Drive By Truckers - American Band
Album Review

Drive By Truckers – American Band

The eleventh album from Southern rockers Drive By Truckers is a modern protest record. The group from Athens, Georgia has become best known for its perceptive examinations of the culture and psyche of the South. This powerful indictment of present day USA has a much wider target, and they hit it directly and repeatedly.

Drive By Truckers have been around for twenty years now. Built around the combined talents of Patterson Hood and Mike Cooley, the band has two creative forces, both fine songwriters, singers and guitarists. Their epic double concept album Southern Rock Opera tells the story of the band Lynyrd Skynyrd as well as the complexities of life in the 1970s South. For several albums the band also had a third focal point in a young Jason Isbell, who has since gone on to become a hugely successful solo artist and one of America’s foremost songwriters.

But American Band is not a really typical DBT album. Many of their past messages were delivered through metaphor. This time around the style is direct and to the point, editorialising rather than weaving stories. It is a sign of their concern for the state of their country and serves as a call to arms. For the album’s cover they have even moved from their usual brightly coloured Wes Freed gothic painting to the symbolism of an almost greyed out Stars and Stripes against a desolate sky.

The mood is set by the album’s opening track Ramon Casiano, the story of a young Mexican shot and killed by the man who would later turn the NRA into the powerful political organisation it is today. A teenage Harlon Carter (never named in the song) was initially found guilty of murder but the conviction was overturned on appeal by a court in Texas. There is a parallel to many more recent shootings. The opening line, ‘It all started with a border, and that’s still where it is today’ makes that very clear.

Several tracks expand on the theme. Guns Of Umpqua examines one of many college shootings, this one in a rural Oregon Community College last year. The sound is restrained and almost relaxed, yet the lyrics are brutal in places. The massive Darkened Flags On The Cusp Of Dawn is the closest to an old style Truckers guitar onslaught, and the anger here is palpable. Surrender Under Protest was inspired by civil rights activists’ successful campaign to remove the Confederate flag from the South Carolina Statehouse, and berates those who try to justify their actions with the defence of tradition.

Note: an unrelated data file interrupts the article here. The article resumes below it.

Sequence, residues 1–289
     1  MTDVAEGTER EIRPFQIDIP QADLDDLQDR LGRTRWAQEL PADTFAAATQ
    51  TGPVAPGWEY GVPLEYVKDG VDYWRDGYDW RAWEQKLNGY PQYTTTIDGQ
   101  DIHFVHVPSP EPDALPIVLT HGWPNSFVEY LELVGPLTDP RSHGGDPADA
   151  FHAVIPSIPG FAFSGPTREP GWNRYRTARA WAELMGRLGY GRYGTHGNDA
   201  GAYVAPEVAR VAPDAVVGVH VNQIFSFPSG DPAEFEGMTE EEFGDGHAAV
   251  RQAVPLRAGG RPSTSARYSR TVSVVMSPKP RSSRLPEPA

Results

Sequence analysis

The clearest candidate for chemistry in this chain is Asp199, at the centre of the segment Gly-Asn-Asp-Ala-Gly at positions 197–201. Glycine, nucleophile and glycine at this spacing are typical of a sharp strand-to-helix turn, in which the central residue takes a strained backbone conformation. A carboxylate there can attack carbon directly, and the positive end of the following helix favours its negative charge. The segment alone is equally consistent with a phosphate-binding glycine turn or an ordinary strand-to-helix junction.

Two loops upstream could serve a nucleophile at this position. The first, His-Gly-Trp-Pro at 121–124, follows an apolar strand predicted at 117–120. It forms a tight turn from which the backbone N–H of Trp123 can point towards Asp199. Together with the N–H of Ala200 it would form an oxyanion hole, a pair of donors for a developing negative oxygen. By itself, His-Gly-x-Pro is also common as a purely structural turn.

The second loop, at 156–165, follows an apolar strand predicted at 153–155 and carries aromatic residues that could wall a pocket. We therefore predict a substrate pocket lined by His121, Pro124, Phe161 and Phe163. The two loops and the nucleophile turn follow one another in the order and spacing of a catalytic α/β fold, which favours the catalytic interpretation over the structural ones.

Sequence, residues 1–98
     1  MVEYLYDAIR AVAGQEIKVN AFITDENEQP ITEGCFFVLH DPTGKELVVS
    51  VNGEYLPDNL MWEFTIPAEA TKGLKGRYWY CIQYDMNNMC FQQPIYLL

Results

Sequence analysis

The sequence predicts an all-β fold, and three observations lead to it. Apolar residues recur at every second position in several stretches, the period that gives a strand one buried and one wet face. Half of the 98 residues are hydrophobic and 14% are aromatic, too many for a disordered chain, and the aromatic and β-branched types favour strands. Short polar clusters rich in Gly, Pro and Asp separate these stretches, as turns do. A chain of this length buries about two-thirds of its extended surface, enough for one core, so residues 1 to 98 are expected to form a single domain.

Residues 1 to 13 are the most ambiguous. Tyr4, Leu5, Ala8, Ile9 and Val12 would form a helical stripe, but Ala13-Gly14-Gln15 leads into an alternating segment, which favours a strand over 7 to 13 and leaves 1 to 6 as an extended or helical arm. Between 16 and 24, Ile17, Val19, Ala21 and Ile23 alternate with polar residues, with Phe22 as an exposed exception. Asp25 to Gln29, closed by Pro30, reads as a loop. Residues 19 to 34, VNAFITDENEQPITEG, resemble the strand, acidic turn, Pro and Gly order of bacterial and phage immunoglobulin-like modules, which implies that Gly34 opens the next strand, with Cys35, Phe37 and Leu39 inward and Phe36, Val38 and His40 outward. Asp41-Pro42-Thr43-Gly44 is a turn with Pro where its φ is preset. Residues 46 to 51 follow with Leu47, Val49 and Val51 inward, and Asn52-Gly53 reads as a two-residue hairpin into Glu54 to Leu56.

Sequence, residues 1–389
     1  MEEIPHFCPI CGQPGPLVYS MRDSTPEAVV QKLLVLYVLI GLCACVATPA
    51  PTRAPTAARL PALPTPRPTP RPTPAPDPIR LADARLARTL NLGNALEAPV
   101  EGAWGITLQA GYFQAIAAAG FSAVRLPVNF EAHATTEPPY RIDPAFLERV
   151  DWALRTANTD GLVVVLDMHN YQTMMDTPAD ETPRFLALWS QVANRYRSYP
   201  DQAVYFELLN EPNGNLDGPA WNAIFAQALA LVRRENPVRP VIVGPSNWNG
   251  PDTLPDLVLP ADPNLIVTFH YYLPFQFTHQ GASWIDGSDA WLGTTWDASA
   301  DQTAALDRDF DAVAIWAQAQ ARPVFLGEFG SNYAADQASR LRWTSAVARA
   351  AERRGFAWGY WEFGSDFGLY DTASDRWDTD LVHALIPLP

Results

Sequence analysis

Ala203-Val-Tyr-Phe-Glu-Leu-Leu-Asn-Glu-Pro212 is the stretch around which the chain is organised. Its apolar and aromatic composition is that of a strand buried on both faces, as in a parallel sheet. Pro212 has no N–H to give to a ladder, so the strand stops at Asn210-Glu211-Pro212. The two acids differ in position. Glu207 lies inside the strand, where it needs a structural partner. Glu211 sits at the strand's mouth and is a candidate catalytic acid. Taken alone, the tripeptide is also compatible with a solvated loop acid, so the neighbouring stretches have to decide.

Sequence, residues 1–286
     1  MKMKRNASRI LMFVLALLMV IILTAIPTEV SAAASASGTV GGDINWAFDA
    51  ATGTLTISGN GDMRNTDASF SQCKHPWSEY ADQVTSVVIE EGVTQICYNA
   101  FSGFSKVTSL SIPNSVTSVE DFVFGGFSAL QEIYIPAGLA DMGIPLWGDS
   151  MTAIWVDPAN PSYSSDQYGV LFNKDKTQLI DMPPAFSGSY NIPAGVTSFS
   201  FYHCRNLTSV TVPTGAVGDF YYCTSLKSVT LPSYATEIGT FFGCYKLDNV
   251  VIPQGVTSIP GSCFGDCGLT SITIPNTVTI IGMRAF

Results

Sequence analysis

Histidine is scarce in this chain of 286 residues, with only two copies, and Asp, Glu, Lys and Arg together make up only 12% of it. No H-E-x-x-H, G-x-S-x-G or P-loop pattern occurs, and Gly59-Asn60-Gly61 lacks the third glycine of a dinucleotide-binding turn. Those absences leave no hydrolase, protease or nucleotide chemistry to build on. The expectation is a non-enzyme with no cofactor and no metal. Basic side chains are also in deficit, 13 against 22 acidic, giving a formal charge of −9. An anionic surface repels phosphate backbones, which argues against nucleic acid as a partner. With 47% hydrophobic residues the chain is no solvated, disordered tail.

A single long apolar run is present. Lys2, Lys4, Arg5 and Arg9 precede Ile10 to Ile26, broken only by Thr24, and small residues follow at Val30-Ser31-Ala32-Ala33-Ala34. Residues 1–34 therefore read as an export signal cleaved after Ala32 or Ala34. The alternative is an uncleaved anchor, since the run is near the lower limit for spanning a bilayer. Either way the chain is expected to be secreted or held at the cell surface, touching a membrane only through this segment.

What It Means sees a weary Hood trying to make sense of it all – and failing. The acoustic song is again almost upbeat in sound, yet the contents tell of the shootings that led to the formation of the Back Lives Matter movement. The lyrics are pointed, describing Trayvon Martin, ‘dead and buried, and laying in the ground with a pocket full of Skittles.’ The descriptions of racial divide and of a country on the precipice are chilling. In total contrast, Filthy And Fried tells of many lives lived obliviously in relative comfort, where the hardest thing is getting through being 27.

The superb Kinky Hypocrites is Cooley’s acerbic take on the activities of several tv evangelists, described as ‘the greatest separators of fools from their money” in a delicious southern boogie style. He then turns his fire onto censorship in the lovely Once They Banned Imagine. Ever South, a complex six minute long song, tells of Hood’s Irish ancestors’ journey to the US and eventually to the South, as well as his own recent move from his home state to Oregon. The subtext is a reminder that the US has always been a country of immigrants, not always welcomed yet adding to the collective wealth of the nation.

The closing track Baggage is another that works on several levels. Written immediately after the death of Robin Williams, Hood also reflects on his own battles with depression before widening his perspective to the baggage that is dragging the country down. Like many fine songs, the mix of the personal and the universal is its strength.

American Band is a modern protest album that examines much of what divides the USA right now. But it doesn’t take the strident tone that many albums of this nature do. Rather the anger that is clearly present comes through with a feeling of resignation. There are no easy answers and they don’t try to find them. But if the purpose of the album is to raise awareness and to pose questions then it succeeds. And in considerable style too.

Venue: American Band
Support Band: ATO Records

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